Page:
Gear worn by the welder, such as respirators that filter the air and full-face shields, protect the airways of the welder when working in open-air sites. When welders do not have the luxury of being in the open air, the companies have to ensure that the workplace is clean of the toxins that come from welding.

They do this by combining both the protective gear that welders wear and an air filtration process where the fumes are directed away from the welder into the outdoor air or to an indoor area where they are stored and can be filtered to become nontoxic.


Air filtration is key when managing where these fumes go. There are two main organizations that you will be dealing with and have to adhere to their guidelines when choosing whether to dispose of your toxic welding fumes indoors or outdoors. Those governing bodies are OSHA (Occupational Safety and Health Administration) when disposing of the fumes indoors to protect the workers and ensure complete safety and the EPA (Environmental Protection Agency) when disposing of the fumes into the outdoors, which ensures the safety of the environment.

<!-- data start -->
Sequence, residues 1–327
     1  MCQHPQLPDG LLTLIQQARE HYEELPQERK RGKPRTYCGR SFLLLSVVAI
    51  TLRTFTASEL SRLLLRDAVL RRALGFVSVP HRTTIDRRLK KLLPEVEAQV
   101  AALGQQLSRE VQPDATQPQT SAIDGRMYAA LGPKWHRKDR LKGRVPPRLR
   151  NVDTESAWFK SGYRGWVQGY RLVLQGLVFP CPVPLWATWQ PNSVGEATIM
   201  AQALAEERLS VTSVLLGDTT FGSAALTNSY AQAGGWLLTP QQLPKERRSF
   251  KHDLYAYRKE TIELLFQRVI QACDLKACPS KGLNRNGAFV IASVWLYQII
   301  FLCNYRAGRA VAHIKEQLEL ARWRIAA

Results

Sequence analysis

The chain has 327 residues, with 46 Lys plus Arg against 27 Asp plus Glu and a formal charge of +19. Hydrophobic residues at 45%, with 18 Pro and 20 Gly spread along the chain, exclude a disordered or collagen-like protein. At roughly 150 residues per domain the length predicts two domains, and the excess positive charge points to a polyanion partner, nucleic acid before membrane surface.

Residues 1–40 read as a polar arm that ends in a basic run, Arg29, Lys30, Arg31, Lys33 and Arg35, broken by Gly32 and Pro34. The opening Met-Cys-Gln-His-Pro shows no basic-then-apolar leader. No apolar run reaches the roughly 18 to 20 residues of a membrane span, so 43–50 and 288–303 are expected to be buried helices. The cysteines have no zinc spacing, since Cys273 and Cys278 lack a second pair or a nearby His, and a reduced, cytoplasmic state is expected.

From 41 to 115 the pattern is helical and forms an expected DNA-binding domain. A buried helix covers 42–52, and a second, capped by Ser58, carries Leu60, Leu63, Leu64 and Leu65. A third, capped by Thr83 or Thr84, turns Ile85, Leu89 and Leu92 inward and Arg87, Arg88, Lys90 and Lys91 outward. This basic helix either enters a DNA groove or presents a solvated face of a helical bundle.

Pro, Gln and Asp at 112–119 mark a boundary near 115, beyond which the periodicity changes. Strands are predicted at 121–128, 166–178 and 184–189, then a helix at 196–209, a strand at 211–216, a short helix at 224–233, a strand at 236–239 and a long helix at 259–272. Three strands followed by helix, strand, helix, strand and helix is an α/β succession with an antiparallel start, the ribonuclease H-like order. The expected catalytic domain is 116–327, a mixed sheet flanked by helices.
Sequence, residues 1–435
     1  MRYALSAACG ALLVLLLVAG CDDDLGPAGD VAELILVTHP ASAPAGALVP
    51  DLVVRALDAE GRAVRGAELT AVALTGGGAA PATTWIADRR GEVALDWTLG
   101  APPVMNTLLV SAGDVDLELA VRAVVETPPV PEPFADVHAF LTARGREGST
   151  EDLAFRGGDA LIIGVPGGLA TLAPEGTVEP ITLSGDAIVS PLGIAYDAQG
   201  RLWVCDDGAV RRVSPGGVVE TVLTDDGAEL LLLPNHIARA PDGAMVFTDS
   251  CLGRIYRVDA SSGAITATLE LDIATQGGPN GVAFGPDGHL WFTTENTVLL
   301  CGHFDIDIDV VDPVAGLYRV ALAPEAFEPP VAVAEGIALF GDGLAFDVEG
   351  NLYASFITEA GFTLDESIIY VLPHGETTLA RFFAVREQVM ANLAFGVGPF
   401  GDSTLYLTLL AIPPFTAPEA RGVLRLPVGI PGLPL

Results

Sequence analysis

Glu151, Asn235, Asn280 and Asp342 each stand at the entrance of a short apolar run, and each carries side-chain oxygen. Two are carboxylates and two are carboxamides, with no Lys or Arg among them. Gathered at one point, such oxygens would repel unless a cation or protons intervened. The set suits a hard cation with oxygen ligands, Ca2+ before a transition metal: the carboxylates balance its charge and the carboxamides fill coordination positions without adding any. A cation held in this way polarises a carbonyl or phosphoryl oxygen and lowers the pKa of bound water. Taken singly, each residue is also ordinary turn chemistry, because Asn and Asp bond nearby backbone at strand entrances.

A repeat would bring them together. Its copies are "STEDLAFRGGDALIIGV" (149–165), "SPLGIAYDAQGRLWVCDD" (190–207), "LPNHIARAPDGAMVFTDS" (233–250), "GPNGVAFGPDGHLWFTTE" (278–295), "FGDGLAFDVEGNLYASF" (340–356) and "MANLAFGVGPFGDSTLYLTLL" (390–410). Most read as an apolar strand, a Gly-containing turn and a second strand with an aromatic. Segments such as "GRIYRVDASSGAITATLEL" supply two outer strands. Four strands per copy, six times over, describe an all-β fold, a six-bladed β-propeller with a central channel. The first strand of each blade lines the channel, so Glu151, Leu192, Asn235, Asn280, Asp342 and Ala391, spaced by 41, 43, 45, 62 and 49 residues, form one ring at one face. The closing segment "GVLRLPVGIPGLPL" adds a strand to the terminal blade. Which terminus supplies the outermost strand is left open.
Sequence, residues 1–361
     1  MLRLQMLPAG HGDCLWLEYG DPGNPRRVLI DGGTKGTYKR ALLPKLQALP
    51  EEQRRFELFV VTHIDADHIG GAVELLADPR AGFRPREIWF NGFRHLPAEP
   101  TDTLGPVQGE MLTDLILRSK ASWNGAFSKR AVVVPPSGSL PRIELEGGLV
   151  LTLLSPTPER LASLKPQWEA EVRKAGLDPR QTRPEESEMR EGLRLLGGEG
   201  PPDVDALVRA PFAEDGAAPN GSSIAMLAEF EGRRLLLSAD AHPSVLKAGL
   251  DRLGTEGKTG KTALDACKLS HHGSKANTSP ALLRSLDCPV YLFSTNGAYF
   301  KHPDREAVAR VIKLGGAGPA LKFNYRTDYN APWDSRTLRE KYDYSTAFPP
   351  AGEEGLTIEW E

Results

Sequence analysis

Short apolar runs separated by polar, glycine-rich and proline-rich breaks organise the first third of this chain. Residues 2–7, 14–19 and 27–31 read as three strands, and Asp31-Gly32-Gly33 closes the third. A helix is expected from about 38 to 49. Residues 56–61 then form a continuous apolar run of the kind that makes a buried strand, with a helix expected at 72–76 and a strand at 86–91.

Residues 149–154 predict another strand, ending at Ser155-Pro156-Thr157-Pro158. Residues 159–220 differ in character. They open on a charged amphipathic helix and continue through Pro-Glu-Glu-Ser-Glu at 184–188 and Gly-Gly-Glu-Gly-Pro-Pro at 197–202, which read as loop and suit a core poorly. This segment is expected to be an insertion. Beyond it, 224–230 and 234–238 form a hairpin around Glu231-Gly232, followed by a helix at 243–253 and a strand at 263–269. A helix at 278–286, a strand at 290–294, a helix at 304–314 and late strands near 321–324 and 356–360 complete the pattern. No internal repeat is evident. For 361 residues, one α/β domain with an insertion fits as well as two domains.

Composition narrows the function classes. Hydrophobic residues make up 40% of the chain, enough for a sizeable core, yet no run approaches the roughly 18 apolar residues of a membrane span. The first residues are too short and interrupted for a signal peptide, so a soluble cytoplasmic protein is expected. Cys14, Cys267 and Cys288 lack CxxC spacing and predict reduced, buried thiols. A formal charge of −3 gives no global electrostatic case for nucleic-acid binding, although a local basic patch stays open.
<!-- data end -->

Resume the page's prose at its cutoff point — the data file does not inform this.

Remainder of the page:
The Problem of Managing the Fumes

It is not only what is in the fumes themselves that pose a risk to the welder, but also everything else that is produced from the welding process. That being, the dust that settles around the welder’s workspace is extremely flammable and explosive. This metallic dust does not only have the ability to explode, but the metal itself can prove to be very toxic to humans.